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Code of the Street: Decency, Violence, and the Moral Life of the Inner City Paperback – Abridged, September 17, 2000
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As an African American himself, Anderson moves through the middle- and lower-class Philadelphia neighborhoods with ease, interviewing a variety of subjects, all of whom deal daily with consequences of urban decay--from the high-achieving young woman who had to reject her poorer relatives to better herself, to the former delinquent who tries to go straight after returning from prison. For Anderson, these are the true heroes of Code of the Street: people who overcome the temptations of the streets to help create a better space for the next generation. --Eugene Holley Jr. --This text refers to an out of print or unavailable edition of this title.
From Publishers Weekly
Copyright 1999 Reed Business Information, Inc. --This text refers to an out of print or unavailable edition of this title.
Top Customer Reviews
As a young black man that grew up in a two parent home in suburban Maryland, I was extremely confused when I left my small town for middle school. It was there that I was first exposed to black children with less fortunate financial backgrounds, single parent homes, and low value of education and order. As Anderson explains, even in the suburban regions of Maryland adjacent to D.C. inner city attitudes, styles, trends, and even volatility can be seen in young blacks as a result of 'cultural diffusion'. A phenomenon which has a peculiar property of moving up the socioeconomic ladder in the black community.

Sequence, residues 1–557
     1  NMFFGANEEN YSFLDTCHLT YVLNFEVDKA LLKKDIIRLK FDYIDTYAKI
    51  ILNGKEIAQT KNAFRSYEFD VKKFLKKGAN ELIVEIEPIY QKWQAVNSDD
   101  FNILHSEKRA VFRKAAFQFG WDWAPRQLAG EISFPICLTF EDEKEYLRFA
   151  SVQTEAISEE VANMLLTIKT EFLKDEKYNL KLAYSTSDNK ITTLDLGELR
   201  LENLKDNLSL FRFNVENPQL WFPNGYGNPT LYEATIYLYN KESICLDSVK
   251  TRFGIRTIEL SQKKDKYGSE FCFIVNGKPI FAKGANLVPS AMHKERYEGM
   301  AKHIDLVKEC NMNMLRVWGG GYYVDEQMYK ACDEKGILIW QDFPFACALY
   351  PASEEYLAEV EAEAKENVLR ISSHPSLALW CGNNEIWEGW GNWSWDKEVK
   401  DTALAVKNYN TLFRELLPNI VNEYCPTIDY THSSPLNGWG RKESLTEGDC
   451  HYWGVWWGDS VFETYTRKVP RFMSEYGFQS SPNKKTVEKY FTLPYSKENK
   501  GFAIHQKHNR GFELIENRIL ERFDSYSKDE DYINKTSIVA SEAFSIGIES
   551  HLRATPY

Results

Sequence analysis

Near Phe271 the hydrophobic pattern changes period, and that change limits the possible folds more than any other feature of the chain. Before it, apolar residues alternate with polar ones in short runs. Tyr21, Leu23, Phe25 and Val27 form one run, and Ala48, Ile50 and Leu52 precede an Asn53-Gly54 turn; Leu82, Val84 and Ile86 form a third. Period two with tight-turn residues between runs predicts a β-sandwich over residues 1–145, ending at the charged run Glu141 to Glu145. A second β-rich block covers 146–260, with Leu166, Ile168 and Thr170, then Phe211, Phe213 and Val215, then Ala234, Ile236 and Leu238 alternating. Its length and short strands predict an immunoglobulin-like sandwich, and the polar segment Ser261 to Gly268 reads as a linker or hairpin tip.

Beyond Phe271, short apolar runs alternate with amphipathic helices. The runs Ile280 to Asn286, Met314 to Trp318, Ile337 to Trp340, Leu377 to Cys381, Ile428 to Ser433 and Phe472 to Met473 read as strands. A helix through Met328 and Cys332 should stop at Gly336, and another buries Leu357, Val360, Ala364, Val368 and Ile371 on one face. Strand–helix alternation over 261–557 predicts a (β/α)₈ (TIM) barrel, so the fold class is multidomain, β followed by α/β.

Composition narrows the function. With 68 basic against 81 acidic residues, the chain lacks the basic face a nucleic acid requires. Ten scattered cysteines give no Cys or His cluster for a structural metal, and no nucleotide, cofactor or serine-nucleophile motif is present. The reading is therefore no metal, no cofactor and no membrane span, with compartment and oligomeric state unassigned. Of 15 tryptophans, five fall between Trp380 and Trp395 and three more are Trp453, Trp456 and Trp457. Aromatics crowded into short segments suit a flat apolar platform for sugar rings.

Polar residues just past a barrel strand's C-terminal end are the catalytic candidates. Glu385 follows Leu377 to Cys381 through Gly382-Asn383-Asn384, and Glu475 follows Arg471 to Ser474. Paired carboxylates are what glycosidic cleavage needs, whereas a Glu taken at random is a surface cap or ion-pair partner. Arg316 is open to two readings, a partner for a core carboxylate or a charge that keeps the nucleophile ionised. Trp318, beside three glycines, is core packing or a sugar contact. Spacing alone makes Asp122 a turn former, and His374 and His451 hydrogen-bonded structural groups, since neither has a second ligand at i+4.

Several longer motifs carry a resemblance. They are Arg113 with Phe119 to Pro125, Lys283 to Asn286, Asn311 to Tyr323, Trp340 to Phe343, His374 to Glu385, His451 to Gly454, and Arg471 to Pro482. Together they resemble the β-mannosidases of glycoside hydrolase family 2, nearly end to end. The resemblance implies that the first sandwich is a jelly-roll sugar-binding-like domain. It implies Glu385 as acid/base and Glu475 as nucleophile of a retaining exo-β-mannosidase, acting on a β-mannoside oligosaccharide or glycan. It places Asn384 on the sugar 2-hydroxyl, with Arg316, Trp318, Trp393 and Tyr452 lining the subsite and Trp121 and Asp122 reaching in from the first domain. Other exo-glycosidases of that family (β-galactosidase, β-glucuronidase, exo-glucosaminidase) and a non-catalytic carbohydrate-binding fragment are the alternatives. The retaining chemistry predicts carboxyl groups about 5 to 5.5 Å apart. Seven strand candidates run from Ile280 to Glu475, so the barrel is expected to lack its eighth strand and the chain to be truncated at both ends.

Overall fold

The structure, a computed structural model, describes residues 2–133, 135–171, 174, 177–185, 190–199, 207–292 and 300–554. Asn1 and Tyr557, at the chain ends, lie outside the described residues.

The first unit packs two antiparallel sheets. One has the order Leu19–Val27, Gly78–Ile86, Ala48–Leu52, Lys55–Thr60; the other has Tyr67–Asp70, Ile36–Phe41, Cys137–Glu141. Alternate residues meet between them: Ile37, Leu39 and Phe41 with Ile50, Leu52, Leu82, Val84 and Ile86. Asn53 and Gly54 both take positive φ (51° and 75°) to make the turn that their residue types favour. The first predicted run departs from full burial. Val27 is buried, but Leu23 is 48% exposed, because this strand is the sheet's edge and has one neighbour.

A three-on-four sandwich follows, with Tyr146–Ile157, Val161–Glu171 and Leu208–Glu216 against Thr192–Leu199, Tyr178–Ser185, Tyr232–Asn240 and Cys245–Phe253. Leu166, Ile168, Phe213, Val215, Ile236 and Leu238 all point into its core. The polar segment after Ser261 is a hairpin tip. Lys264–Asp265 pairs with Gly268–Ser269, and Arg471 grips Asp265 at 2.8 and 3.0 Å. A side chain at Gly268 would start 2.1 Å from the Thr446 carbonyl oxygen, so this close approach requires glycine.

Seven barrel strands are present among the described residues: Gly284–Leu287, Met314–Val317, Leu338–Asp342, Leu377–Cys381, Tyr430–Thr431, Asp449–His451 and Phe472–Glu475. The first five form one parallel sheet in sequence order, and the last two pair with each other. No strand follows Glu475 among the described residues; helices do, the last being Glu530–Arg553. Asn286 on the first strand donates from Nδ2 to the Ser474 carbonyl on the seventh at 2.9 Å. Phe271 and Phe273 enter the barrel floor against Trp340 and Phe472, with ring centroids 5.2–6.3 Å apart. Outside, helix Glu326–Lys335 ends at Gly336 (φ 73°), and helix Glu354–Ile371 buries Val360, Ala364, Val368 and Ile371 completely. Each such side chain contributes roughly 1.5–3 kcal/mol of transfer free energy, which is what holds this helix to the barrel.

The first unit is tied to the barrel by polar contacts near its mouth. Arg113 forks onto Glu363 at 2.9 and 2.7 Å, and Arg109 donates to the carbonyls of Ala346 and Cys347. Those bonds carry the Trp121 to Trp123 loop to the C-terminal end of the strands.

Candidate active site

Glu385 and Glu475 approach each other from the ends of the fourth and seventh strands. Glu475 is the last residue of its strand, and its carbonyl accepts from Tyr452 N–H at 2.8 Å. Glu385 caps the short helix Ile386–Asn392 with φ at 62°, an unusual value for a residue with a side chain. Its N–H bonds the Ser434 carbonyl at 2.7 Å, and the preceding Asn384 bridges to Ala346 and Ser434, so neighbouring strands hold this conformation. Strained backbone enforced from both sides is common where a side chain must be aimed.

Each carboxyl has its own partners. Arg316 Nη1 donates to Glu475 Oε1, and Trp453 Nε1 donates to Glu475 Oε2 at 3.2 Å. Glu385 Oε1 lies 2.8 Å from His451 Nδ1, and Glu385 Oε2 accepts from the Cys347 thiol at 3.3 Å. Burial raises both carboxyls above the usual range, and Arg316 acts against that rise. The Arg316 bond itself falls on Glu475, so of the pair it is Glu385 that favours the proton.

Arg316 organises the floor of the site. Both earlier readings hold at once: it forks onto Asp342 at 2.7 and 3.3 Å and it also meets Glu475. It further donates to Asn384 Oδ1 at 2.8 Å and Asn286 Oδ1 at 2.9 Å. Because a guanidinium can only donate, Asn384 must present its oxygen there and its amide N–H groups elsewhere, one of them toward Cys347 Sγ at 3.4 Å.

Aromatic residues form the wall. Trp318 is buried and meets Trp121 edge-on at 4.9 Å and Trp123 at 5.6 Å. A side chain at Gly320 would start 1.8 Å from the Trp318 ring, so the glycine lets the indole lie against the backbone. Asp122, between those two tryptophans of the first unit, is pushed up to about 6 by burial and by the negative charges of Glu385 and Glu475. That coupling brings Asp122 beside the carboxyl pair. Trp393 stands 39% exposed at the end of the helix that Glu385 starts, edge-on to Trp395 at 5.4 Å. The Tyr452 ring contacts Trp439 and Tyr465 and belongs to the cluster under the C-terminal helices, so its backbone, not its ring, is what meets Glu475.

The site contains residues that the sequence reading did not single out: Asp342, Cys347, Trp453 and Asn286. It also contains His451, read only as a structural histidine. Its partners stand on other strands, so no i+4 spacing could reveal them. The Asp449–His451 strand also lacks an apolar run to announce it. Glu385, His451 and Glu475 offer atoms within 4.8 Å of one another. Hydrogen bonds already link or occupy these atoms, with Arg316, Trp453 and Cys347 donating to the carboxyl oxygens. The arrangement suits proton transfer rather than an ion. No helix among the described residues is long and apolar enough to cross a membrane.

What I appreciate about Mr. Anderson's book most is that it has finally helped me to answer the question of 'WHY', which has tormented me for almost 15 years. Why have I found myself to be different than many of my black peers as a young man and an adult when all I wanted was a good education, a good job, and to live a decent life. EVERY person, Black or White who has found themself glaring at the low socioeconomic black community and wondering what is wrong, or quoting Bill Cosby Rhetoric while watching a group of hoodlums bully any and everyone off of the sidewalk, or turning up your nose at a pregnant 19 year old girl yelling at her toddler as she mopes down the sidewalk... YOU MUST READ THIS BOOK. Understanding is the beginning of dealing with what has become everyone's problem.
I grew up in nice places to volunteer and nice hospitals that took our private insurance. I went to hospitals filled with people like me who were autistic nerds and geeks who were clueless about society in general. About inner city urban street thug life and the mentally that goes with it we knew nothing. Towards the time I became an adult drugs were only just beginning to destroy my childhood home turning it from a secluded enclave to a drug infested hell hole. In my day the code of the street was being a good person, respectful honest and hard working.